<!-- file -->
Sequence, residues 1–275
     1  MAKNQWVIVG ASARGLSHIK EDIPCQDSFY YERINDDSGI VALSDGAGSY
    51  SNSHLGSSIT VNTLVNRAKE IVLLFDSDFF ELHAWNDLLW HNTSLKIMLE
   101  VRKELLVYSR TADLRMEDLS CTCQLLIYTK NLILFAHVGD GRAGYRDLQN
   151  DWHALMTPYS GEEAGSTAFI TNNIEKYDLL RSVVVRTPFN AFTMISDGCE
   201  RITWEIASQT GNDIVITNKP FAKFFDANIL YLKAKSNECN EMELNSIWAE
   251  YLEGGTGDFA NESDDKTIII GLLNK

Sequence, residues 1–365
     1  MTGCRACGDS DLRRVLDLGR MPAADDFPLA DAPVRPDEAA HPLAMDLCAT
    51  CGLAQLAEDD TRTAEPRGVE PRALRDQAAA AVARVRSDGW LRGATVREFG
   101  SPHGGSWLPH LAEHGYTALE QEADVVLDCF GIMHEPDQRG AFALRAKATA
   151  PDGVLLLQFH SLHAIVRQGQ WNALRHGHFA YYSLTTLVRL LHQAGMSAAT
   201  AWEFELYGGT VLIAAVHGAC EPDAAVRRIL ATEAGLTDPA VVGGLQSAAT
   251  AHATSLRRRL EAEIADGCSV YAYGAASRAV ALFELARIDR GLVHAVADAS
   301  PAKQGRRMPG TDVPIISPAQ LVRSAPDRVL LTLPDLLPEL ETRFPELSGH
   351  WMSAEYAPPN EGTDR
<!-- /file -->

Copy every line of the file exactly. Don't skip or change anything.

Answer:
Sequence, residues 1–275
     1  MAKNQWVIVG ASARGLSHIK EDIPCQDSFY YERINDDSGI VALSDGAGSY
    51  SNSHLGSSIT VNTLVNRAKE IVLLFDSDFF ELHAWNDLLW HNTSLKIMLE
   101  VRKELLVYSR TADLRMEDLS CTCQLLIYTK NLILFAHVGD GRAGYRDLQN
   151  DWHALMTPYS GEEAGSTAFI TNNIEKYDLL RSVVVRTPFN AFTMISDGCE
   201  RITWEIASQT GNDIVITNKP FAKFFDANIL YLKAKSNECN EMELNSIWAE
   251  YLEGGTGDFA NESDDKTIII GLLNK

Sequence, residues 1–365
     1  MTGCRACGDS DLRRVLDLGR MPAADDFPLA DAPVRPDEAA HPLAMDLCAT
    51  CGLAQLAEDD TRTAEPRGVE PRALRDQAAA AVARVRSDGW LRGATVREFG
   101  SPHGGSWLPH LAEHGYTALE QEADVVLDCF GIMHEPDQRG AFALRAKATA
   151  PDGVLLLQFH SLHAIVRQGQ WNALRHGHFA YYSLTTLVRL LHQAGMSAAT
   201  AWEFELYGGT VLIAAVHGAC EPDAAVRRIL ATEAGLTDPA VVGGLQSAAT
   251  AHATSLRRRL EAEIADGCSV YAYGAASRAV ALFELARIDR GLVHAVADAS
   301  PAKQGRRMPG TDVPIISPAQ LVRSAPDRVL LTLPDLLPEL ETRFPELSGH
   351  WMSAEYAPPN EGTDR